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Thursday, 30 December 2010

Syntax Lost in the Forest


.



Doctor Syntax on the Road (detail): Thomas Rowlandson, c. 1812 (Art Institute of Chicago)



Something in the loving plumpness of the abundant, energetic line
in the satiric tour-book drawing, a near perfect simulacrum
of the natural energy of life itself, winks back behind its hand at us,
knowing, as life does, what neither we nor Syntax yet know,
seeing, as life does, what neither we nor Syntax yet see,
of the misadventures that must inevitably befall,
for the moment insidiously biding their time,
waiting now viperishly coiled in each next obscure thicket,
concealed round each next blind corner
of that deceptive bucolic misrepresentation,
that fraudulent map of the insubstantial surface topography
draped over the harsh and grinding natural order of things,
the discursive sentence
.

His worst mistake, the same every time, stopping to ask for directions.


We like Syntax may have often been blind and vain

in our persistent foolish quest for a picturesque element
in the stark and grim picture of actuality:
this element is the dream of almost-reason which language constructs for us,
employing its misguiding signs to divert us toward impossible pleasures,
advertising its illusionary rest stops to deceive us into thinking there is relief to be found,
offering its delusive pretences to a destination
when the real world contains no such convenient thing,
only more of the same, more of the going on,
more of the stupid expectation of some meaningful conclusion,
some sensible and pleasing shape to the whole project,
which is, with its endless extenuations, its insistent aggravations,
of its nature formless and inchoate,
incapable of being shaped into even the approximate semblance
of the true and credible article, the meaningful tale, the bright history,
the shining evidence of greater purpose, as promised
in the compliant gestures and winning smile
of the charming milkmaid who comes forward to greet one
from the unidentified building beyond, perhaps a congenial inn,
with a quiet fire in the hearth and a kettle upon the hob,
or then again, perhaps a den of cunning highwaymen,
lying in wait to set upon the unsuspecting traveler
and shunt him off, without a by-your-leave, into that labyrinth
of digressive clauses that will lead him deeper and deeper
into that sepia forest from which, originally, he had emerged,
always confused, always silly, always lost, but never more so than in this moment,
in which the final sound to be heard upon the pointless pointing of the period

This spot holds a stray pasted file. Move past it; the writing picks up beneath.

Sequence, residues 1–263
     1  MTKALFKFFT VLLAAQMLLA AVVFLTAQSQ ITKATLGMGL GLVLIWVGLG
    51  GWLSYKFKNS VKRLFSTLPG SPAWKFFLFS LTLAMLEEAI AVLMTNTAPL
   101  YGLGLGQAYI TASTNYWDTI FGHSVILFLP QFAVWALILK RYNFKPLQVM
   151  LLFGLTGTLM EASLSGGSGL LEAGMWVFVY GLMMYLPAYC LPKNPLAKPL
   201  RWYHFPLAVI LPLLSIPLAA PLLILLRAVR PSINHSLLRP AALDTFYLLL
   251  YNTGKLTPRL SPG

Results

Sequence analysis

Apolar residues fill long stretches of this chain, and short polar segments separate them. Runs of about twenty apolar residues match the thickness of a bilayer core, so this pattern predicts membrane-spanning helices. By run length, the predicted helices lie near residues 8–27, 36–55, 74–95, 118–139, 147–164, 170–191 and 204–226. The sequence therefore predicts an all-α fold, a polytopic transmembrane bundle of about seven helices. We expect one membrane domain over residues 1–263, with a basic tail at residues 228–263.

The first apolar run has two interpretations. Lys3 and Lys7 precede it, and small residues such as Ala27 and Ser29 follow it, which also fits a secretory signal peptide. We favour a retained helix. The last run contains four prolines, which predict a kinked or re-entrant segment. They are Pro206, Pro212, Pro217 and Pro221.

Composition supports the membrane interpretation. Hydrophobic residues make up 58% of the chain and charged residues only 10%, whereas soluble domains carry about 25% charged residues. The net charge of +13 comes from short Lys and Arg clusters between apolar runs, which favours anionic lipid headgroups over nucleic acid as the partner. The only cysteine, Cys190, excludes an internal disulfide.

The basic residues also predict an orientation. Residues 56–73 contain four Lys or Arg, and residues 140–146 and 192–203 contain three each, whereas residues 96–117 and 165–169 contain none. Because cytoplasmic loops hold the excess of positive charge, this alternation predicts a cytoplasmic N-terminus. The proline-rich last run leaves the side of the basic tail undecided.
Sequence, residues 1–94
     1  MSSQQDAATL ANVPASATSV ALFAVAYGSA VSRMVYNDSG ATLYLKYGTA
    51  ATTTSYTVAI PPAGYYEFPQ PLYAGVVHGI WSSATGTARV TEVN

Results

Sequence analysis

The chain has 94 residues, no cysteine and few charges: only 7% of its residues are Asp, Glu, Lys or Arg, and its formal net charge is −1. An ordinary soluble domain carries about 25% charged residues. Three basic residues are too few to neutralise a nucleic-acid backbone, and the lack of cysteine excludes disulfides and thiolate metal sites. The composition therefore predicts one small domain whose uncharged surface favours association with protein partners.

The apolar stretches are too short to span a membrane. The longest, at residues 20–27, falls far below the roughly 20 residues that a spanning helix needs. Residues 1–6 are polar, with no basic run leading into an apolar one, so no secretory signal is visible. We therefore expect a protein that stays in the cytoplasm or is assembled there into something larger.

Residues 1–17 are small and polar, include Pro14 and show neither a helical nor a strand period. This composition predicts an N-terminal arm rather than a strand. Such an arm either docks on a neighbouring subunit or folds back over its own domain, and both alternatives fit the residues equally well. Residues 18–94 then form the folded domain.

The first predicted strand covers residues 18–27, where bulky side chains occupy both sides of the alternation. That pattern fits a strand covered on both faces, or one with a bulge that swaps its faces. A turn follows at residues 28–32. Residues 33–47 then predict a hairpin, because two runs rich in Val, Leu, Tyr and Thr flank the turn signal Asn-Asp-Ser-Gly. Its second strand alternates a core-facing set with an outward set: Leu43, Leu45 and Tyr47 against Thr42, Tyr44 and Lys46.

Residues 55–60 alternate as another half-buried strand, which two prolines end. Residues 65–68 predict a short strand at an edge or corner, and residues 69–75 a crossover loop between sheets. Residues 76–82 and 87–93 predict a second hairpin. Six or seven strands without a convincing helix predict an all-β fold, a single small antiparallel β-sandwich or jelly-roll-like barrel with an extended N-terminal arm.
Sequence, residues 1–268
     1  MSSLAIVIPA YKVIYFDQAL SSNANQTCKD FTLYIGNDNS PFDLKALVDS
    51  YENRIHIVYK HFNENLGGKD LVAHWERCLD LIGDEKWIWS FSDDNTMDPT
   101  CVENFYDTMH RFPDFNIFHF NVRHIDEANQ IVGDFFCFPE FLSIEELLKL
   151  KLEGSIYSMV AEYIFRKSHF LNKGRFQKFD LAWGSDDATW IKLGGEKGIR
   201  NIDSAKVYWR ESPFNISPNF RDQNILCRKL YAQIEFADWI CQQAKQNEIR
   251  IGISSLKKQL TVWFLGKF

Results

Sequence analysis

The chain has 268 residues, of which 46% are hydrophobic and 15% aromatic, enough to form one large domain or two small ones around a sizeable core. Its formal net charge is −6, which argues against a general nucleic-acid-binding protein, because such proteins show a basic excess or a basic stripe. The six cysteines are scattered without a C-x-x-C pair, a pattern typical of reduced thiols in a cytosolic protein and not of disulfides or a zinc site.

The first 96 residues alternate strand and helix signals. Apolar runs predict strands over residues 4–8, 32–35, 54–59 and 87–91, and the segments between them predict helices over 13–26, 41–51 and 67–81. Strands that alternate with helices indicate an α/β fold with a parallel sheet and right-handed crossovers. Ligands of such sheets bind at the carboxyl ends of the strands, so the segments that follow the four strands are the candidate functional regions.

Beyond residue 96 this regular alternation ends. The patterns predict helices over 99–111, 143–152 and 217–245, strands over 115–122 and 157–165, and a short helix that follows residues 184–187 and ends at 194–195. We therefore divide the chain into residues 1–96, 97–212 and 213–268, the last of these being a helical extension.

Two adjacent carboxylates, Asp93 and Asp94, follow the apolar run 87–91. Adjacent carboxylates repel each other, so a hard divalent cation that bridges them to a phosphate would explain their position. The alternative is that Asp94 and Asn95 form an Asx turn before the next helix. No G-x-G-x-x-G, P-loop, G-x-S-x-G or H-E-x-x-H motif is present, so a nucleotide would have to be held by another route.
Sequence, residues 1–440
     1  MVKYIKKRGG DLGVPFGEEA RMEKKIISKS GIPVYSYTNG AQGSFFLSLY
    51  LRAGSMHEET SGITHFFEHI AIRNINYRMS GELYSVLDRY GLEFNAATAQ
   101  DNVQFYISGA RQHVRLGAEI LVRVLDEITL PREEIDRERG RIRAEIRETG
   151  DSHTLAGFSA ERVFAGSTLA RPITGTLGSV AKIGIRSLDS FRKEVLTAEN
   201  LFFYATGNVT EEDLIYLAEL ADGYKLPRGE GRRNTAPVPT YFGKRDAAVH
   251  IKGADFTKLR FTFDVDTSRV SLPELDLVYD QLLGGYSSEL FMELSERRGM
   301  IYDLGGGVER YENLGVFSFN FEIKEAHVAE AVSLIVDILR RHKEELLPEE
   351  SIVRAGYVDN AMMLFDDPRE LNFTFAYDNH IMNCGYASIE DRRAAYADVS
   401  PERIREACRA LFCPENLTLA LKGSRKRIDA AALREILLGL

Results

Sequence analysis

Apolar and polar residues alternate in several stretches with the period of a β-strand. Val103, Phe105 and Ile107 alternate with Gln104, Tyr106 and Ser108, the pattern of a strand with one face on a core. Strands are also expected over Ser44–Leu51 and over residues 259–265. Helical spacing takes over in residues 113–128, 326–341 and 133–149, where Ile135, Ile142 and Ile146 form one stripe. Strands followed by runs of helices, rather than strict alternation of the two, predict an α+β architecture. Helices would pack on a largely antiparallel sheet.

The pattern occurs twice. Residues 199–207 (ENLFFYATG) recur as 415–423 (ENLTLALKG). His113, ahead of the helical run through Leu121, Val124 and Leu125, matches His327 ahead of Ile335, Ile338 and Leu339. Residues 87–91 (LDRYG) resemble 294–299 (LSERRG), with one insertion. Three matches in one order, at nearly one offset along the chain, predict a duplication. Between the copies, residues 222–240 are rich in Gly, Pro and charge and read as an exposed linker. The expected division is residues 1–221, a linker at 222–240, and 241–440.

is the gentle and completely senseless lowing of a cow.





Doctor Syntax on the Road: Thomas Rowlandson, c. 1812 (Art Institute of Chicago)

This post dedicated to all who have been badly guided

13 comments:

sandra said...

"the natural energy of life itself..."I like this a lot...thanks!

TC said...

Thank you Sandra, very glad you like it.

phaneronoemikon said...

I need all of this! So wonderful.
So excellently shaped, so profoundly voluptuary in reticence. Dr. Syntax is COOL!

Julia said...

Isn't is better to be badly guided (to the adventure) that be strictly led to a predetermined and frequented path?

TC said...

Claro, Lanny!

Dr Syntax is the Way, the Truth and the Light

on a dark morning in the Forest,

sort of.

TC said...

Julia,

Yes, I think it's definitely better.

(And that we definitely have no choice in the matter, in any case!)

TC said...

...Well, someone here is reminding me that we DO have a choice... we could have done this or that differently... and I suppose this is true.

All the same, if we were to arrive there, at that point, in that forest, at the end of that sentence, with Doctor Syntax, things would probably turn out exactly as this.

The last thing we would hear would be the lowing of the cow.

All the turnings of the road would have been taken differently, and yet, the outcome is the same.

(For Doctor Syntax, that is.)

STEPHEN RATCLIFFE said...

Tom,

Yes, words (in such unfolding sentences) to live by: "only more of the same, more of the going on" --


12.30

orange edge of sun rising below shadowed
branches, motion of green leaf on branch
in foreground, sound of waves in channel

which in a certain way this,
how to say more about

green against bright greens,
these things, what is

silver of sunlight reflected in channel,
whiteness of gulls gliding across ridge

Ed Baker said...

either

that when you get to a fork-in-the-road
...take it

or

when lost in the mountains
follow the stream down

which is THE Meaning of

"go with the flow"

or or or

to echo (sort-of) Nanao Sakaki:


sing

dance

leave

TC said...

The fork in the road:

In one direction lies

in a certain way this,

green against bright greens,
these things, what is

and in the other direction lies...

We are blindfolded, which path do we pick?

Sing, dance, leave -- or fall on our faces?

Ed Baker said...

RIGHT BACK AT_CHUH!

in this mountain
in this dirt-floor hut
in this Emptiness-room

What does Blind Girl see?

One kiss &I will tell.


(Stone Girl is coming!)

TC said...

Ed,

Old movies are the best ones.

Blind Girl & Stone Girl
in the One Kiss
Forest

dancing
singing
and leaving

while Syntax is still
skulking
in the Grotto

Ed Baker said...

actually
there REALLY is a Stone Forest

that s where Stone Girl ... lives

Blind Girl is her little sister

they lead tours through
the rocks

they call me by my real name: Walking Mind

Full Moon
I think I'm in love
with a rock

Stone Girl
in her garden
peeing

Walking Mind
watching thinking
come & go

Blind Girl
in Sai Gon
will I see you again